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Proposed Rules: Closed to Comments

Agency:
Comment By: 
Wednesday, July 25, 2018
Proposed Rules Content: 

 

Statement of Basis and Purpose of Proposed Rule

 

Sections 12-309(a)(7) and 12-309(b)(6) of the New York City Administrative Code authorize the Office of Collective Bargaining’s (“OCB”) two constituent boards, the Board of Collective Bargaining and the Board of Certification, respectively, “to adopt rules and regulations for the conduct of its business and the carrying out of its powers and duties”.  The proposed changes modify the OCB’s procedural rules, which are found in Title 61 of the Rules of the City of New York, to incorporate new procedures for using modern technology, eliminate unnecessary requirements or references to outmoded technology, make clarifications to reflect how the Rules have been interpreted or to include existing practices, and make understanding the Rules and practice before the OCB more user-friendly. 

 

 

 

Listed below are the most substantive proposed changes.  Particularly significant among the proposed changes is the addition of rules providing for the filing and service of pleadings and other documents electronically through the OCB’s e-filing system.  This new system will simplify filing and service for petitioners by, among other things, eliminating the requirement that petitioners serve all parties named in the e-filed action by shifting the burden of service to the OCB.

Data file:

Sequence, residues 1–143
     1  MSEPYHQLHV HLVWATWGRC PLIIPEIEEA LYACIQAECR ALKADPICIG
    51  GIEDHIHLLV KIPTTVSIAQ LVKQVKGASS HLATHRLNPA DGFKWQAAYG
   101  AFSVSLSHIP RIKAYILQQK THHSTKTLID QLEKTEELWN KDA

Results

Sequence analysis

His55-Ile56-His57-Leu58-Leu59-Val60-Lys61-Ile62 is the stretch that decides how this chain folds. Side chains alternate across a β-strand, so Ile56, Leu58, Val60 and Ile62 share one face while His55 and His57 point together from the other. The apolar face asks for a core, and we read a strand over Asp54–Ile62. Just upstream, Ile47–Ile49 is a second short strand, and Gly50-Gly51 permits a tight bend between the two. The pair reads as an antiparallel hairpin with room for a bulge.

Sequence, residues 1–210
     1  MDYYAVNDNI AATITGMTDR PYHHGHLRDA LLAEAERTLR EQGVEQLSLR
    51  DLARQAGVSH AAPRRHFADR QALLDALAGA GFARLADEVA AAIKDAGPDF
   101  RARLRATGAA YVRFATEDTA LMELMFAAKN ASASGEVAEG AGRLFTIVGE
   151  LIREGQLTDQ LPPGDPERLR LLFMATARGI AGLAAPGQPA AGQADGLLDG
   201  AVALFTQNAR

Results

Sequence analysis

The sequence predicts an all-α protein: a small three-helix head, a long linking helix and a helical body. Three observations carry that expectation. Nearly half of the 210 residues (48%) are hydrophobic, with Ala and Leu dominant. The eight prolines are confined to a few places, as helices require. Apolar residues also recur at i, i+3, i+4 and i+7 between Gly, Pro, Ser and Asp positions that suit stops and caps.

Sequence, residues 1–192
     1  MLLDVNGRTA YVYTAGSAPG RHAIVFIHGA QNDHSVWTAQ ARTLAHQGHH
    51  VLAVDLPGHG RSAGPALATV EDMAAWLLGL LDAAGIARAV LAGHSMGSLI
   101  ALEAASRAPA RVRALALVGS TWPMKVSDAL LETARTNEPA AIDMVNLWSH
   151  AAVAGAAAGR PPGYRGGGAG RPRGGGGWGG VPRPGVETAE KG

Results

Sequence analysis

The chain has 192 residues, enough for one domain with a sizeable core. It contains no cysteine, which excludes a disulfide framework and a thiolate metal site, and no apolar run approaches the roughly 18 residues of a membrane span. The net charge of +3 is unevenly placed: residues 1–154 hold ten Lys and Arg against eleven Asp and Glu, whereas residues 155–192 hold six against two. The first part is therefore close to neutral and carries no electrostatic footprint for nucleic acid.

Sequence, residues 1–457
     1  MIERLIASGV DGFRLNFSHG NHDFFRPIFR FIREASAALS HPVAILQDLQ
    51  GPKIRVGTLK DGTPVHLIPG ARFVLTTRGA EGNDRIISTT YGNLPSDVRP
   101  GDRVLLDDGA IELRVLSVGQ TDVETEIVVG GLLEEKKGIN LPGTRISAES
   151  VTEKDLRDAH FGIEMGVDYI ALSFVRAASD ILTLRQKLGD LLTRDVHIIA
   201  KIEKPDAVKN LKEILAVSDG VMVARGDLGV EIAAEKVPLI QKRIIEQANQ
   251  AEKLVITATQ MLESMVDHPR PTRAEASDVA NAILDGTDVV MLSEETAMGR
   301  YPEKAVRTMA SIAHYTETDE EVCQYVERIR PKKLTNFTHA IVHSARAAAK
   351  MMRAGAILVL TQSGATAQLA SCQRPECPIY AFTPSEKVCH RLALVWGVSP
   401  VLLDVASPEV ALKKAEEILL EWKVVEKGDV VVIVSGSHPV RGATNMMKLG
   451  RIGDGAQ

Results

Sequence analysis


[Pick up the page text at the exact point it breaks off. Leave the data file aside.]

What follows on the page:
The proposed rule:

 

 1. Adds new procedures incorporating modern technology:

 

·    Modernizes all notice posting requirements to allow for posting of notices and other communication with employees through methods such as e-bulletin boards and email;

 

·       Provides for the filing and service of pleadings and other documents electronically through the OCB’s e-filing system;

 

·        Permits filing with the Board and service on parties by email, for matters not initiated via the e-filing system.

 

2. Eliminates unnecessary requirements or references to outmoded technology:

 

·        Eliminates the requirement that parties file three copies of every document, in addition to the original, with the OCB;

 

·        Eliminates facsimile as an acceptable method of filing and service;

 

·        Eliminates references to only in-person representation elections as representation elections are now conducted by mail, telephone and via a web-based platform.

 

3. Clarifies the Rules to reflect how they have been interpreted and to include existing practices: